The symptoms and severity of SBS vary according to the part of the intestine that is affected. For example, the duodenum absorbs iron, calcium, and magnesium. The jejunum absorbs fatty acids, amino acids monosaccharides, and water-soluble vitamins. The ileum absorbs fat-soluble vitamins (A, D, E, K), vitamin B12, and bile acids. Therefore, loss of function in any one of these parts has its own implications as to what the body will end up having difficulty absorbing from the food an individual consumes.
Symptoms of SBS typically include chronic diarrhea, fatigue, bloating, cramping, weight loss, dehydration, and malnutrition. Many of the most devastating complications occur specifically because of this malnutrition.
Gastric acid hypersecretion can occur in individuals with SBS, especially in the immediate aftermath of a surgical removal of part of the intestine (resection). High levels of stomach acid can enter the altered intestine and interfere with absorption of nutrients.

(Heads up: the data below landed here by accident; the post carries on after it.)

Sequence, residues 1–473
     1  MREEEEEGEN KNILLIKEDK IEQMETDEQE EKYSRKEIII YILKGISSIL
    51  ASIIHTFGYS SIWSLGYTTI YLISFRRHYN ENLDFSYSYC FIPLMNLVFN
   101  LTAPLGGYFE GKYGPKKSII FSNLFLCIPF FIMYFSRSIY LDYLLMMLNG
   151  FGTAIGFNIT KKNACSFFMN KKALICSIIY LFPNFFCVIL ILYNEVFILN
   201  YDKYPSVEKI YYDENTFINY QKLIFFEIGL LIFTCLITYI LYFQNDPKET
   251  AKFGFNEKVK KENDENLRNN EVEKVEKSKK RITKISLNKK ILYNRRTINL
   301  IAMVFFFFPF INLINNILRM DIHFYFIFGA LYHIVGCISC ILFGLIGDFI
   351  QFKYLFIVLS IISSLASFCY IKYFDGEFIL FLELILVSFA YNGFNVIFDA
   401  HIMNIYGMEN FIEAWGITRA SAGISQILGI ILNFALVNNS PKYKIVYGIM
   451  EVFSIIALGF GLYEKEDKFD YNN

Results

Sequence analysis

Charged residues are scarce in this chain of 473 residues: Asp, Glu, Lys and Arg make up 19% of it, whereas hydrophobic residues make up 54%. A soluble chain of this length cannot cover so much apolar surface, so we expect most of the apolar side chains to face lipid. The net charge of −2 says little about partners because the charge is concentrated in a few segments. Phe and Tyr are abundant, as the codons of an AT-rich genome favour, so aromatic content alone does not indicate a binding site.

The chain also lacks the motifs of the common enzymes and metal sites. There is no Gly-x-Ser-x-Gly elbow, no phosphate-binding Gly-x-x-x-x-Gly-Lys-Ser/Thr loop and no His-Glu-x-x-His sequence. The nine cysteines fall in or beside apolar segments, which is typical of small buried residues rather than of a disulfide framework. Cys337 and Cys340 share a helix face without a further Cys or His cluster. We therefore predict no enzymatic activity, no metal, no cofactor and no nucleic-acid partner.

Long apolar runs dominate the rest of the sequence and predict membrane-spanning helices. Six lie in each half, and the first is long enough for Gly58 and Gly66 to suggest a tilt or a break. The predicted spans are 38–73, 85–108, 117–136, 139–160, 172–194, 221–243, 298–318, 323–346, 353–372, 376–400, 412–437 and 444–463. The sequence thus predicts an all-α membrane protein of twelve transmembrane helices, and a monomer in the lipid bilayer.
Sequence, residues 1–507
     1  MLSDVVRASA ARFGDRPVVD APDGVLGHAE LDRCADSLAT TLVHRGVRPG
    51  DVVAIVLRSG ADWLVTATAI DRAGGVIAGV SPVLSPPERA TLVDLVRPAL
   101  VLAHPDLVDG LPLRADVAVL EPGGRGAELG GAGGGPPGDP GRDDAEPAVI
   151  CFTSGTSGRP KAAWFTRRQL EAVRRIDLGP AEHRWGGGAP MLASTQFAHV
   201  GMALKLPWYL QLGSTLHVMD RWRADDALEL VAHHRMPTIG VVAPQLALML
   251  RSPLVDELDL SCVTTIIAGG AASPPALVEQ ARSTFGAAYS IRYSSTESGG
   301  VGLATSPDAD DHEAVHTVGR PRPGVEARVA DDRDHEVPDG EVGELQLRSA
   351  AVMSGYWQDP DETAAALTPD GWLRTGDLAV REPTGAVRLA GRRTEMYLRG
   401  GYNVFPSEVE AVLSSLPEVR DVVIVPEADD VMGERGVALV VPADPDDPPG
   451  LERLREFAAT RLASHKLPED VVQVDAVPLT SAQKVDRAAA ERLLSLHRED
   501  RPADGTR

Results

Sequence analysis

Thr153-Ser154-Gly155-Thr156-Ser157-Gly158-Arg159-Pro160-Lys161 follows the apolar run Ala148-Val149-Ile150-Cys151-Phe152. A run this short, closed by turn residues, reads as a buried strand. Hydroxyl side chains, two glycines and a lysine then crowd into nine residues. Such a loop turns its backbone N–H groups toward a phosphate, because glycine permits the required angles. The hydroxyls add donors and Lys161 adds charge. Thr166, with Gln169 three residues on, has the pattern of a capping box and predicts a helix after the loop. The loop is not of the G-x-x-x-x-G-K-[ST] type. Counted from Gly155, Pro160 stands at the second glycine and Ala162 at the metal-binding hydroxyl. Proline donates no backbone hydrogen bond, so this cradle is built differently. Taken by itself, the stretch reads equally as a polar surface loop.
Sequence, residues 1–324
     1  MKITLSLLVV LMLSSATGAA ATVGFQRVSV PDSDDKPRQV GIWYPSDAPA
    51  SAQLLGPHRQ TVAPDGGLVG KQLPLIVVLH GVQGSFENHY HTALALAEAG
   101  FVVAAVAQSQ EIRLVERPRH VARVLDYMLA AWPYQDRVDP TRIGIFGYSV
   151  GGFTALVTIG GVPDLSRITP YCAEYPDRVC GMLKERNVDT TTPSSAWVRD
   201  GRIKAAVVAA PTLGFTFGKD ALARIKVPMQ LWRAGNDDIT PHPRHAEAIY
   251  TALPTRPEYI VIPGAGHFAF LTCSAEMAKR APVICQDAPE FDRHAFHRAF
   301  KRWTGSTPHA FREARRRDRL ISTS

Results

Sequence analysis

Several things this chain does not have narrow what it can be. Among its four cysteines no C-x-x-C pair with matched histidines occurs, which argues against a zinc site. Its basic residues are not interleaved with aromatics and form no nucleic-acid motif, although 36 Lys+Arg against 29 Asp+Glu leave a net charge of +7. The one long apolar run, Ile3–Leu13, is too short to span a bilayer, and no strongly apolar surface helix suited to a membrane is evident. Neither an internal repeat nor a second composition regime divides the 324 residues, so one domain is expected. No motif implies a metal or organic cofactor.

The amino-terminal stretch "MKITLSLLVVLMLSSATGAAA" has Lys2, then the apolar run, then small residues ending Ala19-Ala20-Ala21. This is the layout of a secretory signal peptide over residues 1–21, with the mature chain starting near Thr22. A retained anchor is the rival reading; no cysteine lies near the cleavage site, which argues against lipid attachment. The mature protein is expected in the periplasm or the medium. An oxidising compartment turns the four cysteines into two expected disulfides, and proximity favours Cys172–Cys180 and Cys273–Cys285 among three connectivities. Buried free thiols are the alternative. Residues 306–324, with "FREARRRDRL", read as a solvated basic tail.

Vitamin and mineral deficiencies can cause many additional aggravating symptoms, including visual disturbances, dryness of the eyes, prickling or tingling feelings on the skin, muscle spasms, easy bruising, blood clotting problems, and difficulty breathing on exertion.
Electrolyte imbalances can result when the small intestine is unable to absorb minerals such as potassium, sodium, and magnesium adequately, resulting in weakness, nausea, headaches, and irregular heartbeats.
Acidosis is an abnormally high level of lactic acid in the bloodstream resulting from the shortened bowel’s reduced ability to digest carbohydrates. Undigested carbohydrates create lactic acid, which can build up due to a reduced ability to use and effectively dispose of it. Acidosis can result in confusion, blurry vision, and slurred speech.
Steatorrhea is dietary fat remaining in the feces after passing through the small intestine unabsorbed. In a normal small intestine, bile salts, which are essential for fat absorption, enter the gastrointestinal tract from the gallbladder. These bind to fat, which together and are absorbed at the terminal ileum. When this part is missing or damaged, then an excess amount of fat passes in the stool. Steatorrhea causes stool that floats, is grey in colour, and is exceptionally foul smelling.
Kidney stones can also result when unabsorbed fat in the colon binds with calcium, preventing the normal combination of calcium and oxalate, a compound found in plant foods. When the colon absorbs oxalate that is unbound to calcium, the body passes it in higher than normal amounts in the urine, resulting in oxalate kidney stones.